"Do not you think, Miss Elliot, we had better try to get him [Captain Wentworth] to Bath?" - Admiral Croft

[My response? Um, hello - yes!!!]

Observation

At the beginning of chapter 18, it is said of the Crofts that "they were people whom her [Anne's] heart turned to very naturally."

One point that seems so sweetly featured in these two chapters is that the company we choose to keep - and the company we're drawn to - can say quite a bit about our own character. While Anne's father and sister disdain her for choosing a poor widow's company over their wealthy and high-class connections, it's Anne's friends who have so much wisdom and admirable examples and kindness to impart to her. And Anne is the better for it! Even though Mr. Elliot's intentions are in question, I think he got it right when he considered Anne "a most extraordinary woman; in her temper, manners, mind, a model of female excellence."

Indeed!

I loved the scenes in this chapter with Mrs. Smith and with Admiral Croft. Mrs. Smith's attitude is so inspiring! I was thinking today about singleness (bear with me; I'm going somewhere with this!). I suppose bridal showers will do that to a girl, even if she's happy for the bride-to-be and glad to be a part of the festivities. :) I decided that one of the hardest things about being single is the feeling of missing out on a rite of passage. And unlike natural rites of passage (like growing into womanhood) or ones you can earn (like getting your education), this particular rite is one you have no real control over. And sometimes it's just so darn hard to accept that and to not feel left out or unwanted!

But here in this book is Mrs. Smith, someone almost entirely cast aside through circumstances beyond her control. Anne lists the poor woman's hardships: she lost the man she loved and also her respected position in society all at once; she lost her wealth; she has no children to care for her; she lives in a small and dismal residence; she needs help getting from one room to the other; she can hardly do anything for herself. And yet Anne observes that Mrs. Smith "had moments only of languor and depression" vs. "hours of occupation and enjoyment."

It puzzles Anne, who determines to understand it. She comes to the conclusion that it is a part of Mrs. Smith's very character, "that power of turning readily from evil to good."

I'd like to add, if I may, that perhaps that power isn't just something that you have or don't have, and that's the end of it. While I believe it might be harder for some personalities more than others to seek the positive, the power to do it lies with the God, through whom we "can do all things" (Philippians 4:13).

And one of the other interesting things about Anne's observation? She refers to Mrs. Smith's "elasticity of mind." That phrase, coupled with the "moments only of languor and depression" paint a picture of honest struggles. Yes, "evil" and depressing thoughts come to us all, especially when circumstances are painful. But it's the "elasticity" - the choice to quickly switch gears and focus on the good - that we need. (Not negating time for grieving or honestly pouring out our hearts, of course! As Ecclesiastes 3:1 says, there is "a time to every purpose under the heaven." I'm just speaking of the general tendency of our thoughts.)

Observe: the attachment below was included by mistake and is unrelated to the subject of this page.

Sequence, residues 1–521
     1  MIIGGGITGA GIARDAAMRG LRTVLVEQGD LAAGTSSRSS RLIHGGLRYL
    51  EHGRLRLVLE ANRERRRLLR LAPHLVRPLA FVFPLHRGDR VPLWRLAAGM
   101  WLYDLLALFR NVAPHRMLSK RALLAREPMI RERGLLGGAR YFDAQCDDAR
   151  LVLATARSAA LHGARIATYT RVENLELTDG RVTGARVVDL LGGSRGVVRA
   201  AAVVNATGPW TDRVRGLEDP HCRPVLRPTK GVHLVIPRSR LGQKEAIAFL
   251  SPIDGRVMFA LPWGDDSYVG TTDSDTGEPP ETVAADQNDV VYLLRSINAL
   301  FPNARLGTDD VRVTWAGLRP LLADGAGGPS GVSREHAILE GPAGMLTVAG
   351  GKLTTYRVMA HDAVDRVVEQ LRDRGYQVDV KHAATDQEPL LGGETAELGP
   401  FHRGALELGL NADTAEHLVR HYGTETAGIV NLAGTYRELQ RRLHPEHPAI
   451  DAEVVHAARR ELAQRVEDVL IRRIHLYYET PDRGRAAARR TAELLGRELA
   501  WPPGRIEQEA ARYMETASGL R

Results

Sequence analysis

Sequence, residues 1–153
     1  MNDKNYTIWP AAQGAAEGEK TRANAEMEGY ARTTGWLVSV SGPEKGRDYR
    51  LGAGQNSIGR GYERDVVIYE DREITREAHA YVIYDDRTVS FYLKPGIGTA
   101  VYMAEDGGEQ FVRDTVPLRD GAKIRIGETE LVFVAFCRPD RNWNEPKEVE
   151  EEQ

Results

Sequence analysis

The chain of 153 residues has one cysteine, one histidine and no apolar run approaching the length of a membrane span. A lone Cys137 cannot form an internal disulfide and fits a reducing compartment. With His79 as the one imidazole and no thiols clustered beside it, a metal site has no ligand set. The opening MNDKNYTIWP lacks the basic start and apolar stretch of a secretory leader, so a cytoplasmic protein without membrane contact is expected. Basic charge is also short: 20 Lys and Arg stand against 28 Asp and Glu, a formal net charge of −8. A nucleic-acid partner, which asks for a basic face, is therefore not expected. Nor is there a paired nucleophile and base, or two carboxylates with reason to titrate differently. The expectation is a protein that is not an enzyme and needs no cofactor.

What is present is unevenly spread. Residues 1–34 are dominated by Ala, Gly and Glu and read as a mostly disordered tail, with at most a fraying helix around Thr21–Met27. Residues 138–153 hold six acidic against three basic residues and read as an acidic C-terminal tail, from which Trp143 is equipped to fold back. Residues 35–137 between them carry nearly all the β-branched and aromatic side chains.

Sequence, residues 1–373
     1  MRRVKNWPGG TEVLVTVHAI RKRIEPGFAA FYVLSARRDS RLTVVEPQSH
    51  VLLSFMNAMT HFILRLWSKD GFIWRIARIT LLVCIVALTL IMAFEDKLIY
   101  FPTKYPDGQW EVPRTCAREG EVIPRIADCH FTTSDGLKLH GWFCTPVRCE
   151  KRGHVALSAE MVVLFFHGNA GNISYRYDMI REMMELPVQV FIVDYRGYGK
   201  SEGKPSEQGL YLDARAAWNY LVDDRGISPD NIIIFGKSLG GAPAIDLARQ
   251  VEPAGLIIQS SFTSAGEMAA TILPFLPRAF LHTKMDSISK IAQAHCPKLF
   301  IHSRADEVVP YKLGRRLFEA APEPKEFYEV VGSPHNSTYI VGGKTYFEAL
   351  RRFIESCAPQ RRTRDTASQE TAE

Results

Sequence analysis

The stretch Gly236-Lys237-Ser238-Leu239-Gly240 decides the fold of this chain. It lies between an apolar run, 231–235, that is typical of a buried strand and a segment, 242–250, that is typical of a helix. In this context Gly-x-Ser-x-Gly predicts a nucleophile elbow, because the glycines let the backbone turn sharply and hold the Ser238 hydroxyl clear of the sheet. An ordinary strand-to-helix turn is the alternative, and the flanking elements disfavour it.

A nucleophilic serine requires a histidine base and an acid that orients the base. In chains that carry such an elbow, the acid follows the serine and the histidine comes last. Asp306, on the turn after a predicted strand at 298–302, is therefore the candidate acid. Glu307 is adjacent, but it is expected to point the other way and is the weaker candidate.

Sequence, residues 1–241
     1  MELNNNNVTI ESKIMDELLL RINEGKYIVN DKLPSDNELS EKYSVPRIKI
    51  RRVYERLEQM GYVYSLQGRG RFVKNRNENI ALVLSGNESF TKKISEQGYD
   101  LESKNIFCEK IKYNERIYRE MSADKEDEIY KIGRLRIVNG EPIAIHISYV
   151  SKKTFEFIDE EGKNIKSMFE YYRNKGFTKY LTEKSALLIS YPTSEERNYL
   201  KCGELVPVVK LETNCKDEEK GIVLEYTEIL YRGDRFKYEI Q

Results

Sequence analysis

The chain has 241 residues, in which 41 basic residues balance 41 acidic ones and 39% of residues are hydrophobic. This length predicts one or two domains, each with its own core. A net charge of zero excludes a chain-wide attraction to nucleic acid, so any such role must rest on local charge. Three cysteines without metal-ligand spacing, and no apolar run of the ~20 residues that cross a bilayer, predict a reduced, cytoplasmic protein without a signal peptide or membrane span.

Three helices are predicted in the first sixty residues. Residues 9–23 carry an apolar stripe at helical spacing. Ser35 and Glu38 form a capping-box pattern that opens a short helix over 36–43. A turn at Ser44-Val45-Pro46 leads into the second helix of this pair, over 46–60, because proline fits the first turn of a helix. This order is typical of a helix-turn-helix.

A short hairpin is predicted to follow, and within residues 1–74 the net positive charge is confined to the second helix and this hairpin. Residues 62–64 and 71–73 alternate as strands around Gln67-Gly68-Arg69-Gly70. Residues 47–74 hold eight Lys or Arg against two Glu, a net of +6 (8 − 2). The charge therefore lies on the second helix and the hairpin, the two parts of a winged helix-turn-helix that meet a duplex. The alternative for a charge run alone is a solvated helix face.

May God more and more often bring to mind the truth that "all things work together for good to them that love God" (Romans 8:28). I know I can learn a lot from the example of Anne's friend! I would do well to accept what Anne calls "the choicest gift of Heaven." :)

Question

Who is your favorite character in the story so far, and what is it that you love most about him or her? What can you learn from that character?

Giveaway!

Don't forget to log your giveaway entries this week using the Rafflecopter form below for a chance to win a hardcover copy of The Prayers of Jane Austen!

(Giveaway open to US residents only. Prize donated by the book's editor, Terry Glaspey. Thanks, Terry!)

a Rafflecopter giveaway
Which quote to ponder, observation, and question/response would you like to share?

Join us tomorrow to discuss chapters 19 and 20!

Friday, July 17, 2015

Persuasion and Prayers Read-Along: Day 10



Welcome to Day 10 of the Persuasion and Prayers Read-Along! You can follow along on this three-week discussion of Persuasion and The Prayers of Jane Austen by checking out the read-along tag or by clicking the button in the sidebar.

Today we're discussing the second part of Jane Austen's prayers from The Prayers of Jane Austen (the lovely book that inspired this whole read-along!). But first, here are a few links you should definitely check out...
  • In addition to the read-along giveaways (you still have today to enter this week's giveaway - see the form at the bottom of the post!), there's another giveaway of the book happening on Harvest House's Facebook page. More chances to win this lovely book for your nightstand or for a friend? Why, yes! 
  • Did you know this read-along conversation can also be found on other social media sites? Check out the hashtag #InspiredByAusten on Twitter to chat with us, and/or visit the Inspired By Austen Pinterest board to take a visual journey through the read-along and all things Austen. (Leave a comment if you'd like to be added to the board!)
(Have you been participating in the read-along via your blog? Or have you written a review of Persuasion or The Prayers of Jane Austen that you'd like to share? Leave a link in the comments, and I can include it in one of next week's posts!)

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You're Invited to a Twitter Watch-Along!



Kara (@flowersquiet) and I have had an absolute blast in recent months with events we like to call "watch-alongs." :) Basically, we meet up on Twitter and begin watching a movie at the same time, proceeding to tweet our observations and favorite quotes and all the goodness of the characters and story. Fun, am I right?? It's the next best thing to actually getting all your blogging friends together in front of the TV in your living room!

Well, we'd like to invite you to join us for a special viewing of Persuasion (1995 version) next week! Here are the details: